previous next


The same.

The tyrannous and bloody deed is done,

The most arch act of piteous massacre

That ever yet this land was guilty of.

Dighton and Forrest, whom I did suborn

To do this ruthless piece of butchery,

Although they were flesh'd villains, bloody dogs,

Melting with tenderness and kind compassion

Wept like two children in their deaths' sad stories.

'Lo, thus,' quoth Dighton, 'lay those tender babes:' (10)

'Thus, thus," quoth Forrest, 'girdling one another

Within their innocent alabaster arms:

Their lips were four red roses on a stalk,

Which in their summer beauty kiss'd each other.

A book of prayers on their pillow lay;

Which once,' quoth Forrest, 'almost changed my mind;

But O! the devil'--there the villain stopp'd:

Whilst Dighton thus told on: 'We smothered

The most replenished sweet work of nature,

That from the prime creation e'er she framed.' (20)

Thus both are gone with conscience and remorse;

They could not speak; and so I left them both,

To bring this tidings to the bloody king.

And here he comes. Enter KING RICHARD.

All hail, my sovereign liege!

K. Rich.
Kind Tyrrel, am I happy in thy news?

If to have done the thing you gave in charge

Beget your happiness, be happy then,

For it is done, my lord.

K. Rich.
But didst thou see them dead?

I did, my lord.

K. Rich.
And buried, gentle Tyrrel?

The chaplain of the Tower hath buried them; (30)

But how or in what place I do not know.

K. Rich.
Come to me, Tyrrel, soon at after supper,

And thou shalt tell the process of their death.

Meantime, but think how I may do thee good,

And be inheritor of thy desire.

Farewell till soon. [Exit Tyrrel.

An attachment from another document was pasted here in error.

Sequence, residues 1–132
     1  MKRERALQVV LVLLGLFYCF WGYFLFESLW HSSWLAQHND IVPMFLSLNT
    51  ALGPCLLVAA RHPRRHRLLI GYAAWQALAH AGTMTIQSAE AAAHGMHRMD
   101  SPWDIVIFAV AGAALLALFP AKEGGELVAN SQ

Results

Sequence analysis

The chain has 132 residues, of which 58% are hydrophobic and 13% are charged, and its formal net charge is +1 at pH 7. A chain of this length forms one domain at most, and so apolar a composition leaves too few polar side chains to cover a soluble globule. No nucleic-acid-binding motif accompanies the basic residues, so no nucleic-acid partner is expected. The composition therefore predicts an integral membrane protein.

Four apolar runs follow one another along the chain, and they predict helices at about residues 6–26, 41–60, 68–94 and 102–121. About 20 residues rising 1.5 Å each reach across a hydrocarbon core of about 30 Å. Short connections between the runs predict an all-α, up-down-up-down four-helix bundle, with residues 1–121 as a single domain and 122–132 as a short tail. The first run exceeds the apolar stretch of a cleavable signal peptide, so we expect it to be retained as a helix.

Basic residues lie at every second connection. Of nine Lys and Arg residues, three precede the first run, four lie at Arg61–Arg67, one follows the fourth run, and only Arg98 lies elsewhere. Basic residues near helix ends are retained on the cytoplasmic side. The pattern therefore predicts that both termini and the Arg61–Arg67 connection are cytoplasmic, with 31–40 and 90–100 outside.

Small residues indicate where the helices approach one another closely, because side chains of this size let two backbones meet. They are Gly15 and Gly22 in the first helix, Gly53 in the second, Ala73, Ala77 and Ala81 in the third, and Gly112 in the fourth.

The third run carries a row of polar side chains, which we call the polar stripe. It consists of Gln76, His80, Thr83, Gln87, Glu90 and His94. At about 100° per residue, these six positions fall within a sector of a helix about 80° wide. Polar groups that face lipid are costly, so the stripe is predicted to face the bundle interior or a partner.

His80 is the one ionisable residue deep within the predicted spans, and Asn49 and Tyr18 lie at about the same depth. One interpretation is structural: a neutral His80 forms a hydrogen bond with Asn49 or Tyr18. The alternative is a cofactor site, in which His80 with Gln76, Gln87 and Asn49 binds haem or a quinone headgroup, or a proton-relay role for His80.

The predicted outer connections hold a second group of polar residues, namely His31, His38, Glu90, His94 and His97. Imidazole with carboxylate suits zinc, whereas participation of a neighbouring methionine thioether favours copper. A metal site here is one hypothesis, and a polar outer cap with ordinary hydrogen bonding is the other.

The son of Clarence have I pent up close;

His daughter meanly have I match'd in marriage;

The sons of Edward sleep in Abraham's bosom,

And Anne my wife hath bid the world good night.

Now, for I know the Breton Richmond aims (41)

At young Elizabeth, my brother's daughter,

And, by that knot, looks proudly o'er the crown,

To her I go, a jolly thriving wooer. Enter CATESBY.

My lord!

K. Rich.
Good news or bad, that thou comest in so bluntly?

Bad news, my lord: Ely is fled to Richmond;

And Buckingham, back'd with the hardy Welshmen,

Is in the field, and still his power increaseth. (49)

K. Rich.
Ely with Richmond troubles me more near

Than Buckingham and his rash-levied army.

Come, I have heard that fearful commenting

Is leaden servitor to dull delay;

Delay leads impotent and snail-paced beggary:

Then fiery expedition be my wing,

Jove's Mercury, and herald for a king!

Come, muster men: my counsel is my shield;

We must be brief when traitors brave the field. [Exeunt.

Creative Commons License
This work is licensed under a Creative Commons Attribution-ShareAlike 3.0 United States License.

An XML version of this text is available for download, with the additional restriction that you offer Perseus any modifications you make. Perseus provides credit for all accepted changes, storing new additions in a versioning system.

hide Display Preferences
Greek Display:
Arabic Display:
View by Default:
Browse Bar: